Zika virus symptoms are comparable to those of dengue fever, yellow fever, and West Nile virus. Even in those who never exhibit any signs of illness, the Zika virus has the potential to produce issues in the brain or neurological system, such as Guillain-Barre syndrome. These instances are extremely rare. There are several names for infection with the Zika virus, including Zika, Zika fever, and Zika virus sickness.
Although anyone can have the this virus, pregnant women have the highest risk. Due to the possibility that their unborn child would have fetal microcephaly or another neurological disorder. Sexual contact in any of its three forms—oral, anogenital, or vaginal—is sufficient to spread the virus.
Summary of Essential Information
The mosquito species Aedes is responsible for transmitting the virus that causes Zika virus illness.
Mild symptoms can manifest as a fever, rash, conjunctivitis, eye irritation, muscle and joint discomfort, malaise, or a headache. The duration of symptoms is normally between two and seven days. The majority of those infected with this virus will show no signs of illness.
Congenital Zika syndrome is a group of birth defects including microcephaly that can be caused by Zika virus infection during pregnancy. Other pregnancy concerns, such as premature birth and miscarriage, have also been linked to mentioned virus infection.
Infection with the Zika virus increases the likelihood of developing neurological symptoms in both adults and children, such as Guillain-Barré syndrome, neuropathy, and myelitis. It wasn’t until 1952, in Uganda and the United Republic of Tanzania, that it was first recognized in human beings.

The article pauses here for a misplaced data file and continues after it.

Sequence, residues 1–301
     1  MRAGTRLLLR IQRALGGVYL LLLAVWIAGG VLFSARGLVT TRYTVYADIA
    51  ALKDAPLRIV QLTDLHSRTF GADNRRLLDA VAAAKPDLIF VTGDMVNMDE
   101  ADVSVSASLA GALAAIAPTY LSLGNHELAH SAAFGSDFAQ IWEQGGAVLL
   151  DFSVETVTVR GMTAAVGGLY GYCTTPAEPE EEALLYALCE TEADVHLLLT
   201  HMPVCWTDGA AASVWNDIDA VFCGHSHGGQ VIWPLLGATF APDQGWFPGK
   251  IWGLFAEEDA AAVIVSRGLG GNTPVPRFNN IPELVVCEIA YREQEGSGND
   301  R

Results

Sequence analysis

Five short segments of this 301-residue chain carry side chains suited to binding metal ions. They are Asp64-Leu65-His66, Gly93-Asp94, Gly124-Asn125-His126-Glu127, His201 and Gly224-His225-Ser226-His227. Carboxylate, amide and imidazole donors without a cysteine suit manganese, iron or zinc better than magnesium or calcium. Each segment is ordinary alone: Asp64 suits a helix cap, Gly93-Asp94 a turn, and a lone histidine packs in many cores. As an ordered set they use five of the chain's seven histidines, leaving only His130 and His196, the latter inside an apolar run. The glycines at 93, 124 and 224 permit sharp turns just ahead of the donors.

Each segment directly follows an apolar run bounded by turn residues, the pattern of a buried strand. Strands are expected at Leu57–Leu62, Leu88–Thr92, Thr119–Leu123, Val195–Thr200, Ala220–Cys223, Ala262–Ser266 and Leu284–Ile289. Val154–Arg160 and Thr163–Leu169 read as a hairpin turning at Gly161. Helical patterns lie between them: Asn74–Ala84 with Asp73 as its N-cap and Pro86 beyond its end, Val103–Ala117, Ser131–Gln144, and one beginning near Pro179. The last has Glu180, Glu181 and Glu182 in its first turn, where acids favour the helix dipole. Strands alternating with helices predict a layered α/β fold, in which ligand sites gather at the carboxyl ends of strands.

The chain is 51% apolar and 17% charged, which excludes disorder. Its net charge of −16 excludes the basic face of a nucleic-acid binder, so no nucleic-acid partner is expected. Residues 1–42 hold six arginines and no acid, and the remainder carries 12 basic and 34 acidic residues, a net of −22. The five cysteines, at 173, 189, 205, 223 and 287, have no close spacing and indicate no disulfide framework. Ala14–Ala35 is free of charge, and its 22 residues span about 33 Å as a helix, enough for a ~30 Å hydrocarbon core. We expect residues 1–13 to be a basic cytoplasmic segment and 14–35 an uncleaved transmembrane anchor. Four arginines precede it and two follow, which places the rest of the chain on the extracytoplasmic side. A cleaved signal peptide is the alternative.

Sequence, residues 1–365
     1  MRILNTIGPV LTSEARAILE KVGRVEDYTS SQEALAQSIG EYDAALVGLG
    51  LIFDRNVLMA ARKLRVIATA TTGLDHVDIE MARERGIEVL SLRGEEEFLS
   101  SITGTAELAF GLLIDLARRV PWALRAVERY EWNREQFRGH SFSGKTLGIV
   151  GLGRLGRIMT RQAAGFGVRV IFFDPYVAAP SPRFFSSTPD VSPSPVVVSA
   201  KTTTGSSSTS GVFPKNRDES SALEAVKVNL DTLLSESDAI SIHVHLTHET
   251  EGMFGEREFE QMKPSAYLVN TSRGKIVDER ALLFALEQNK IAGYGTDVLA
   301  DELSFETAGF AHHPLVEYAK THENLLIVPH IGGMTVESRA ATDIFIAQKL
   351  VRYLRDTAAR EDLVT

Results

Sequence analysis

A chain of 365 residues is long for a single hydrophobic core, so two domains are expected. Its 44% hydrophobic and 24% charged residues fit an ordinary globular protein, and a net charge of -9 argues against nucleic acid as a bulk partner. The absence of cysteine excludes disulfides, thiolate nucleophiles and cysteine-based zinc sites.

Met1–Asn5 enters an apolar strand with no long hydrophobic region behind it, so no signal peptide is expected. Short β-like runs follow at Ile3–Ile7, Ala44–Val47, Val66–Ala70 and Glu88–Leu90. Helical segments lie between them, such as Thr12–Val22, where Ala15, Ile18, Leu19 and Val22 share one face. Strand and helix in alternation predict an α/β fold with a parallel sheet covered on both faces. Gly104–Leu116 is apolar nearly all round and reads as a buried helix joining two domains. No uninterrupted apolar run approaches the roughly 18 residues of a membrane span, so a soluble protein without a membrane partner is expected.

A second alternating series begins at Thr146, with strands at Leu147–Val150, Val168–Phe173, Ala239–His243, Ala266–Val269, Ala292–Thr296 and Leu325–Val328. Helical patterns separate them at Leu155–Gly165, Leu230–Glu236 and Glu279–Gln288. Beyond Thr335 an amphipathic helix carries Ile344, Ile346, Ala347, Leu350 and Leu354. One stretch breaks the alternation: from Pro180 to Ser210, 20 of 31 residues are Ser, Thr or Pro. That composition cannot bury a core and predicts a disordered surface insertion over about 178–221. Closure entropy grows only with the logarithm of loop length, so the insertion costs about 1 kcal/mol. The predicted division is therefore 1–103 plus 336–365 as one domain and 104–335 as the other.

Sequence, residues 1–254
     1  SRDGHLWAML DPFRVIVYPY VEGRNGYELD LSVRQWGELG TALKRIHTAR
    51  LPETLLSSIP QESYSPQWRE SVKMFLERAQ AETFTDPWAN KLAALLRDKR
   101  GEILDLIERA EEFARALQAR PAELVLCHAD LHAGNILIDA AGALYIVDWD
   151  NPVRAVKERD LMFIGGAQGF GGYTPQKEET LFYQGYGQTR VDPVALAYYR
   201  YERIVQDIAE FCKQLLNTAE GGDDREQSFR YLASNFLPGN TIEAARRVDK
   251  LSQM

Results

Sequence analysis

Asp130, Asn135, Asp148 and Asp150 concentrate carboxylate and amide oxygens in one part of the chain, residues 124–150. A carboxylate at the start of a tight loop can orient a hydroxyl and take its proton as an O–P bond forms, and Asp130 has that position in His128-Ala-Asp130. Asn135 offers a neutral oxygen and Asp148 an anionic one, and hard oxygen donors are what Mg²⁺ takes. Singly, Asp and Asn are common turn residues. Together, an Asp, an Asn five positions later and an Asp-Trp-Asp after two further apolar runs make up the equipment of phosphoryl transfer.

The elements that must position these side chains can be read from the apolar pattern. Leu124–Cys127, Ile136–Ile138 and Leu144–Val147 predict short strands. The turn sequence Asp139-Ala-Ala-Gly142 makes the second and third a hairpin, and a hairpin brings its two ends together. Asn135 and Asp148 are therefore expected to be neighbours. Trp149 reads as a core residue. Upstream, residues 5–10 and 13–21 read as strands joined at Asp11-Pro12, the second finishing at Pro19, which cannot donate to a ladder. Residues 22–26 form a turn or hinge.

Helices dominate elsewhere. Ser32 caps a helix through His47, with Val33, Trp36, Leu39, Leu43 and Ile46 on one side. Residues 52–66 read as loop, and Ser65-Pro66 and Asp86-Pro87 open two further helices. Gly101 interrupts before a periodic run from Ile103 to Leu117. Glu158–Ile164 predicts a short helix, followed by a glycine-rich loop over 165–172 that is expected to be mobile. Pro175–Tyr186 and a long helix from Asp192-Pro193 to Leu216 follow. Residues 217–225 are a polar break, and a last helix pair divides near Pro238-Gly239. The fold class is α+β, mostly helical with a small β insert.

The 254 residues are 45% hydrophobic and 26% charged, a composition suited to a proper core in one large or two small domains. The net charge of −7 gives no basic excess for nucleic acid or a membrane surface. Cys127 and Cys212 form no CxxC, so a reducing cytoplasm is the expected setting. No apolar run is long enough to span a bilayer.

Countries across Africa, the Americas, Asia, and the Pacific have all seen this virus outbreaks.
In 2007, the disease caused by the Zika virus was reported for the first time on the Island of Yap in the Federated States of Micronesia. Then, in 2013, the said virus spread rapidly over French Polynesia and other Pacific islands. Guillain-Barré syndrome was first linked to the Zika virus in July 2015, following reports of a big outbreak of rash sickness in Brazil in March 2015.
Zika Virus Symptoms
Many persons infected with Zika have no symptoms and don’t realize it. Mild symptoms may develop. Severe infections rarely necessitate hospitalization. Death from Zika is uncommon.
The symptoms include fever, conjunctivitis, joint and muscle aches, eye pain, headache, and a red, bumpy rash. 4 to 7 days.
Guillain-Barré syndrome is rare following Zika infection. Guillain-Barré syndrome causes muscle weakness and loss of feeling for a limited time.
Infection with the Zika virus during pregnancy can put the unborn child at risk for microcephaly and other complications. A condition known as microcephaly describes an abnormally small head. The brain does not develop normally, hence the head is proportionally small to match the size of the brain.
Microcephaly is just one of the many complications that can affect newborns whose mothers were infected during pregnancy.